AUGUSTA — For the second time in 13 years, a Maine man was found not criminally responsible for setting fire to a home he owned.

Scott John Audet, 44, initially had pleaded not guilty to the more recent charge of arson in connection with a Jan. 28, 2015, fire that damaged his Vassalboro home.

However, at the request of both the state and defense attorneys, Justice Robert Mullen found Audet not criminally responsible by reason of mental disease or defect.

At a hearing Friday at the Capital Judicial Center, Mullen said he based that finding on a report from an evaluator with the State Forensic Service.

He said the 15-page report indicated Audet suffered from mental illness “basically for (his) entire adult life and a lot of years as a minor. This is a clear-cut case of a finding that should be made that Mr. Audet is not criminally responsible by reason of mental disease or defect.”

Mullen ordered Audet placed in the custody of the commissioner of the Department of Heath and Human Services and placed at an appropriate facility.

Audet has been held at Riverview Psychiatric Center, and he returned there Friday.

On Friday, Assistant District Attorney Francis Griffin outlined the evidence he said the state would introduce if Audet had chosen to go to trial on the more recent arson charge.

Griffin said officers, including Sgt. Kenneth Grimes with the Office of State Fire Marshal, responded to a report of a suicidal man wanting to burn his house down.

They saw a man on the front porch talking on a phone and then disappeared into the home, which already was burning.

Then the man — later identified as Audet — came out of the house hollering, “Burn, burn, I want to die.”

They took him into custody as the fire raged.

Later, Audet told them he was sorry and didn’t want anyone to get hurt.

He told officers he lit his bedroom and living room on fire.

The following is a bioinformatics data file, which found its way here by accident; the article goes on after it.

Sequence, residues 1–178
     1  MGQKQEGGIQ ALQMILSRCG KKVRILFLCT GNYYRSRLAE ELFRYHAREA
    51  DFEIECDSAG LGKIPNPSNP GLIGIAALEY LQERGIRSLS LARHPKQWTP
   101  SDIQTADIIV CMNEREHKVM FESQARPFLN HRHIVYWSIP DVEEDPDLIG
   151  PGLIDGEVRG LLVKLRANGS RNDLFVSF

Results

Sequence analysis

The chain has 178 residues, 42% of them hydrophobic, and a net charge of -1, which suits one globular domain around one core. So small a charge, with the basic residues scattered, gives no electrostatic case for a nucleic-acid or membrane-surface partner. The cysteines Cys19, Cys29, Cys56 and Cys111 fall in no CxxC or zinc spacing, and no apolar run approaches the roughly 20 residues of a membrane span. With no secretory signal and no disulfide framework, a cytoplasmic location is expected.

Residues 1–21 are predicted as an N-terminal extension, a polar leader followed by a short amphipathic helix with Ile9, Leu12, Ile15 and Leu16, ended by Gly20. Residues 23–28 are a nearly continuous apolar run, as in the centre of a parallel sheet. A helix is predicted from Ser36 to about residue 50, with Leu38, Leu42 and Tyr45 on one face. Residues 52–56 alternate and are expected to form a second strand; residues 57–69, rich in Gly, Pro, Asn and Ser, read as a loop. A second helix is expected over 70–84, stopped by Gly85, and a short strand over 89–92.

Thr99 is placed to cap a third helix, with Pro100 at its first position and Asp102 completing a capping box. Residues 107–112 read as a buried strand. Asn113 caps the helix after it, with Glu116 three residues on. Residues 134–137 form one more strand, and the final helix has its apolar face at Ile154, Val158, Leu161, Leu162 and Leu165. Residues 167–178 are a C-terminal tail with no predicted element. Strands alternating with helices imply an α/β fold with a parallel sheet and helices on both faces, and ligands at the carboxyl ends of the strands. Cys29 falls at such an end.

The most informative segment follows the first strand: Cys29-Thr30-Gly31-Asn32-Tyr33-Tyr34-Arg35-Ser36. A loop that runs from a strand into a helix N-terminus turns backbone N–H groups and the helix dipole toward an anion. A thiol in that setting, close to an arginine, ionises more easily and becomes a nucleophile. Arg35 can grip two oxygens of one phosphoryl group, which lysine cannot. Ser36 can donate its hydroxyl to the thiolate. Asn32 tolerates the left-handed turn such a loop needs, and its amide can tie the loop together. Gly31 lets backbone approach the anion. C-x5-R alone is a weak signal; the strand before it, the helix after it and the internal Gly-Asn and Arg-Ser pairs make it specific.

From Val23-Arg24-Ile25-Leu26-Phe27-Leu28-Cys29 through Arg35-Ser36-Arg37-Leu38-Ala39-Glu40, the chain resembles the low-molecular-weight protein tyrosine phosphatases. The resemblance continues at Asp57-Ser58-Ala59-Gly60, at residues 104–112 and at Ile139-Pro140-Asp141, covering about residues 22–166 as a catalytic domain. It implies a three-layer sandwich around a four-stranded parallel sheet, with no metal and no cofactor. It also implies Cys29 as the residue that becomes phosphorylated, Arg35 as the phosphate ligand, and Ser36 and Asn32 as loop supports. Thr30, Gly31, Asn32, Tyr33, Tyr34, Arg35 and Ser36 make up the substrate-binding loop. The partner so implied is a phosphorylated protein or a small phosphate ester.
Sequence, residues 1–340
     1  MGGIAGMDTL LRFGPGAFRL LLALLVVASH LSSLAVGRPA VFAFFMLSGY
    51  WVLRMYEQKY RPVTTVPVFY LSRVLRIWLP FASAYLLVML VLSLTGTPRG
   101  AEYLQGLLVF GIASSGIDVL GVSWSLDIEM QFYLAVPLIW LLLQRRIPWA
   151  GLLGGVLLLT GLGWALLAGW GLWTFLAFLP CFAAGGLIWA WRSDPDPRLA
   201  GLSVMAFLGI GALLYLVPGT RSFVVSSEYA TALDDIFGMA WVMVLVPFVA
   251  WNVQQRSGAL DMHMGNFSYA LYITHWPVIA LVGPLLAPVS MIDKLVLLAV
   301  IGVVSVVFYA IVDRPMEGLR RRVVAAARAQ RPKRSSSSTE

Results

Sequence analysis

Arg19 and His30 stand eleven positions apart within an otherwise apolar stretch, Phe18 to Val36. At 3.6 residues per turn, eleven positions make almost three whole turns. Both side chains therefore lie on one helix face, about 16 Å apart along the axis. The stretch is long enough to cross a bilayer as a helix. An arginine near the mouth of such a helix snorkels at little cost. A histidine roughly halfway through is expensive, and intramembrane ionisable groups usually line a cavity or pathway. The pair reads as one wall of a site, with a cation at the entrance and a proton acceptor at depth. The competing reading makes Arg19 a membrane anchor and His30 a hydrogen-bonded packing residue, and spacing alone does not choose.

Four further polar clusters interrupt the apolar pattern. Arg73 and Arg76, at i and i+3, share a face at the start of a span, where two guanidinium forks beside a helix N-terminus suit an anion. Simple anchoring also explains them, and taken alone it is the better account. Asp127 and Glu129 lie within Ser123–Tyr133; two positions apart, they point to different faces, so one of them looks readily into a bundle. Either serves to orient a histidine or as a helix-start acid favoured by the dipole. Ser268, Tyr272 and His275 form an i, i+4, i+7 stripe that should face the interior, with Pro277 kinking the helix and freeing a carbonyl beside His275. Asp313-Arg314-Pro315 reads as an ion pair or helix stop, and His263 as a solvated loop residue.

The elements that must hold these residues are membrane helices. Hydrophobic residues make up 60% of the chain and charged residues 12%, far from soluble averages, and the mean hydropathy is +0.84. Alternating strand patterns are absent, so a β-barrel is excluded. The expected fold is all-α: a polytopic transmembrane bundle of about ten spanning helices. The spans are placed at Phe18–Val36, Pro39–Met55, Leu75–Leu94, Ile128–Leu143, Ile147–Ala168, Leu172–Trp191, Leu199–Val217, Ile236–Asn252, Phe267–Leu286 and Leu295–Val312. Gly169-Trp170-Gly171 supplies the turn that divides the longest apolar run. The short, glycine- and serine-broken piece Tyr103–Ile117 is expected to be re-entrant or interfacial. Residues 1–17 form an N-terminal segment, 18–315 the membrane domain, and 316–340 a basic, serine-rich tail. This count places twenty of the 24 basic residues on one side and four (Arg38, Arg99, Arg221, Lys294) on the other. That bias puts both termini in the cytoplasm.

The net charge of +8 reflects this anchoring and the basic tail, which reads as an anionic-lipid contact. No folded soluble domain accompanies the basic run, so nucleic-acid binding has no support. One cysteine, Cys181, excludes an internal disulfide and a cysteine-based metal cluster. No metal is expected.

Audet’s attorney, Harold “Hank” Hainke, answering the judge’s question, said he believed the state could produce that testimony and prove the case beyond a reasonable doubt.

Audet was not charged with the arson until Nov. 1, 2016. On Friday, Audet waived his right to have the grand jury consider the case and return an indictment.

Audet has a history of treatment at Riverview. After being found criminally not responsible in March 2004 on charges that he had set fire in 2003 to a home he owned at 146 Oak St. in Oakland, Audet was committed to the custody of the Department of Health and Human Services, according to court records.

The court retained jurisdiction of the case, which was last heard in 2011, when a judge ruled that he could be allowed to self-administer medication and could drive anywhere in Maine but was prohibited from having drugs, alcohol, firearms or weapons.

The court also required that an outpatient treatment team from Riverview visit Audet twice a week for at least six months after he moved to his own apartment.

Audet sold the Oakland property in April 2004, registry records show, a month after the finding that he was not criminally responsible for that fire. He returned to Riverview for a series of brief hospitalizations in the summer of 2013 and moved back into the community each time. There was no indication in the court’s file that he had been hospitalized at Riverview during 2014.

Betty Adams — 621-5631

[email protected]

Twitter: @betadams

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